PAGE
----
Trekkies versus Wookies

by Paul Jay, CBC News online

Festivities are under way to celebrate the 30th anniversary of Star Wars, which some consider to be an all-time science-fiction classic and others decry as the beginning of a bloated marketing exercise.

But Star Wars has tended to fall short is the science part of science fiction. While Star Trek has inspired future technology like Tricorders or matter-antimatter fuel, Star Wars has given us...what, Wookie crossbows?

A couple of years ago Forbes and National Geographic both took at a stab at peering behind the science of Star Wars, and neither source could find too many examples of real science at work in the galaxy far, far away.

Our favourite example is the governing planet Coruscant, located according to the scripts in the heart of the galaxy. As Seth Shostak, a senior astronomer at the SETI (Search for Extraterrestrial Intelligence) Institute, told National Geographic:

In general, you don't want to be quite in the "heart" of any large galaxy, as that's almost invariably the site of a massive black hole, and an active nucleus that will fill nearby space with corrosive radiation guaranteed to ruin your whole day.

No wonder the Empire won.

Bob McDonald gives a great defence of the franchise, however, by pointing out the importance of even bad science fiction in inspiring space travel.

Which still doesn't excuse Mission to Mars.

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For the time that it was created Star Wars was a fantastic movie about the future, and although not all of it seemed completely plausible it was a fictional melodramatic and almost romantic view of space and science.

Star Trek started in much the same way in case anyone has forgotten. They started out just as ridiculous with tribbles, green women that Shatner could cuddle up to, and let's not forget atmospheric suits made from silver metalic glitter and florescant red, green tubes.

The difference in Star Wars and Star Trek is that Star Trek has had 5 series to perfect it's scientific approach and modernize it's theories on techonology. In many cases we see corrections from the classic 1970 Star Trek made in newer series, or in the very least a little more explanation as to how the technology works.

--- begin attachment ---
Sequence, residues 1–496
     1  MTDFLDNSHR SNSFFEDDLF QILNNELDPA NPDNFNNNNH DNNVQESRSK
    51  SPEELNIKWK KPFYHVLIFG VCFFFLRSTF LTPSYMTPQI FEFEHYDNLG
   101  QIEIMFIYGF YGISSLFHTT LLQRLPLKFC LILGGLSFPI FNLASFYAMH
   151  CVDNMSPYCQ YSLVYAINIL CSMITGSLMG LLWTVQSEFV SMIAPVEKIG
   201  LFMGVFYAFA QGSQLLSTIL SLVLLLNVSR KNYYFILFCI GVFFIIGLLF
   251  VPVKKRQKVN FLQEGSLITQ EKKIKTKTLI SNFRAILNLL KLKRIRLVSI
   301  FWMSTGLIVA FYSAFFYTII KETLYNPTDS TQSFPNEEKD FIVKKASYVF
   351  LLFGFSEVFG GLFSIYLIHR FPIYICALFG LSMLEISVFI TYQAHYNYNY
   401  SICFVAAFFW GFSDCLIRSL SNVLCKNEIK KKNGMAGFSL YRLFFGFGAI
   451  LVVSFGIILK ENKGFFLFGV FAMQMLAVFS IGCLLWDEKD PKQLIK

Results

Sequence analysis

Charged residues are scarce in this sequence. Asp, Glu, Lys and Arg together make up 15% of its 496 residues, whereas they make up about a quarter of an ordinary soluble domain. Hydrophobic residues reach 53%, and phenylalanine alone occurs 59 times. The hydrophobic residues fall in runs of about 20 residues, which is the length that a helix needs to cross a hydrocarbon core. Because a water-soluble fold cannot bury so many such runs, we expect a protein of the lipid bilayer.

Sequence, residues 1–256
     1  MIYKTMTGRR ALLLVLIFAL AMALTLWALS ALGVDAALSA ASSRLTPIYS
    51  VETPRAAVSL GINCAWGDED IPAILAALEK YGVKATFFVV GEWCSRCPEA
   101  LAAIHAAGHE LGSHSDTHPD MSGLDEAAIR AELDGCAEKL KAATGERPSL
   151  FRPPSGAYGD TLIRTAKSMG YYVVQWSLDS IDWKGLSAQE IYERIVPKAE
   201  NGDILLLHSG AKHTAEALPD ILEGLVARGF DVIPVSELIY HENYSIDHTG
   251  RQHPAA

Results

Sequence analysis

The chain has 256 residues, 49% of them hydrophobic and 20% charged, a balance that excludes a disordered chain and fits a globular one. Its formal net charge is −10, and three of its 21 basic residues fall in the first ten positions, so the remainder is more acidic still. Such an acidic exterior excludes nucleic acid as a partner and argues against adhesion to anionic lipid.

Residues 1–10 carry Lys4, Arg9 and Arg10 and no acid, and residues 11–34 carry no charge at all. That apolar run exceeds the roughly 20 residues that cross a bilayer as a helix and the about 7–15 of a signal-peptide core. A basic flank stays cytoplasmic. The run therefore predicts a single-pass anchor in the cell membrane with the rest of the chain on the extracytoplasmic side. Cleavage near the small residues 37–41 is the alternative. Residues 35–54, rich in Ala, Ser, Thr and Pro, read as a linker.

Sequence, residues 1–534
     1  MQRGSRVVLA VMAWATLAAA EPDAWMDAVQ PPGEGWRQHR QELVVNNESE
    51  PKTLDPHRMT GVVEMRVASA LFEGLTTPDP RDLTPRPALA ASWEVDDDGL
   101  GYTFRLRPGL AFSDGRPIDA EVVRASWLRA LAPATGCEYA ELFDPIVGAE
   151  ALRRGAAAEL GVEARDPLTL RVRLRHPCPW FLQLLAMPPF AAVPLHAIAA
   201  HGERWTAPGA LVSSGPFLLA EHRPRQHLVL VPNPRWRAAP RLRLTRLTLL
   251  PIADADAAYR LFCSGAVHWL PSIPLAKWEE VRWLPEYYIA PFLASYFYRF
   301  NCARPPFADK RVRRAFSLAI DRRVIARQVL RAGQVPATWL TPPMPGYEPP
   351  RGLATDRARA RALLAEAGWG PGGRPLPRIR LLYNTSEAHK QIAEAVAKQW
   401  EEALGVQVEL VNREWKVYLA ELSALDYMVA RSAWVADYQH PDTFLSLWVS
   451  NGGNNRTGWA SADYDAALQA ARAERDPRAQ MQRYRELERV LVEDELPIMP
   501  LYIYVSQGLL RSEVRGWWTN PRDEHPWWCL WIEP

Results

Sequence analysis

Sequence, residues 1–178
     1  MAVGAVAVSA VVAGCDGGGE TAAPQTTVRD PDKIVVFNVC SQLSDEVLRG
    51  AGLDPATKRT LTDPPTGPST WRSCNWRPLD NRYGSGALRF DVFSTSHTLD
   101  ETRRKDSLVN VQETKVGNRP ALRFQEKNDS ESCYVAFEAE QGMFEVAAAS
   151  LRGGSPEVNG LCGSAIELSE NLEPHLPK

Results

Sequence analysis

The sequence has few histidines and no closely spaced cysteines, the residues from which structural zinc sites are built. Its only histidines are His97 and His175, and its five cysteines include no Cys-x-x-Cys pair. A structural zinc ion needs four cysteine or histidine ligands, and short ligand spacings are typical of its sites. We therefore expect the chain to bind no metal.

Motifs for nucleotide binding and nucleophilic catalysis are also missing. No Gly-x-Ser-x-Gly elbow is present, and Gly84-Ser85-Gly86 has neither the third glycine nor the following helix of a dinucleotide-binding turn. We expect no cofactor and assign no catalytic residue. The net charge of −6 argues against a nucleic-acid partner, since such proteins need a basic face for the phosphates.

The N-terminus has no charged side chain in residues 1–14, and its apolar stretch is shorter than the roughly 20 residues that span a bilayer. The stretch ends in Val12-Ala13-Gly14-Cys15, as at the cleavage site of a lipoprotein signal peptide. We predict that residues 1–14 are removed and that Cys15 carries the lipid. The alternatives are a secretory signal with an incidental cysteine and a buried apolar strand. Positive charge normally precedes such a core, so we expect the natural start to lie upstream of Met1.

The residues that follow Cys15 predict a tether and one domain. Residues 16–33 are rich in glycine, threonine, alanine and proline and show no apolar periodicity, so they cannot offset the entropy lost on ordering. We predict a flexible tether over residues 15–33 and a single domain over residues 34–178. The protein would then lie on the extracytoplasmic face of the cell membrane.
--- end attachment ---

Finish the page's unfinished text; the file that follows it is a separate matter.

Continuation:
Star Wars however didn't have season after season to evolve it's technologies and ideologies. Since the new movies were again only as long as a movie it had to be rooted in the science fiction universe the origional movies created.

Star Wars and Star Trek both started just as ridiculous, Star Trek just took the time to grow over time with us.

Posted May 28, 2007 10:17 AM

Jim M.


This seems to be a weird attempt by a trekie to argue the merits of Star Trek over Star Wars and pass it as news.
I would first like to point out that while the blogger lists these technologies as being "inspired" by Star Trek, no-where in the articles is that even suggested. In both, the technologies in question are just compared to technologies that were seen in the series. I still do not see a tri-corder, or matter-antimatter drives. In fact the article on the Matter-antimatter drivesw even goes on to point out several sources that used the concept first, including the original theory that sparked the concept in Sci-Fi usage.
As far as a lack of inspiration from Star Wars? "Look Sir, Droids" A single line and the concept that many feel brought the concept of practical robotics into the mainstream and has been the inspiration behind the advancement of AI and modern robotics.
Frankly, I don't see the point of this blog.

Posted June 2, 2007 12:35 AM



30 years? Whatever. ;)

Doctor Who hits 45 years and 30 seasons in 2008.

How about a little coverage on that, eh? CBC has coproduced the last three series (What's up with Series 4? Is CBC going to coproduce that too? Why haven't we heard anything one way or another?) and the show was originally created by Canadian Sydney Newman.

Posted November 17, 2007 12:06 AM


BRAVO!!! Congratulations to my late uncle,
Sydney was married to one of my mother's sisters.
I'm not a huge fan of Sci-Fi. I am very pleased to read anything mentioned about my uncle. Sydney Newman also had worked for the National Film Board for many years,and was one of the early members on the Juno Commission in the mid-60's.

Posted January 6, 2008 04:59 PM


Clarification to my previous comment:The Juno Commission=The Canadian Radio TV Commission(C.R.T.C.)with Chairman,Pierre Juneau.
One of my nephews is CBC-TV producer,Stuart Coxe.
From 1979-1983 I had a unique opportunity to do free-lance radio music-documentary programs broadcast on CHAK-AM,Inuvik,N.W.T. I wrote the radio scripts,supplied music recordings,and announced on 25 oldies rock'n roll music programs(55-min./program). I have all of them preserved on music CDs,copied off my cassette tapes/dubbed from the station's master reel-reel broadcast tapes.

Posted January 7, 2008 07:04 AM



Correction to my previous comment:
My nephew,CBC-TV producer, Stuart Coxe, is in fact one of my 2nd cousins..not my nephew. I apologize for my error.

Posted January 7, 2008 07:30 AM

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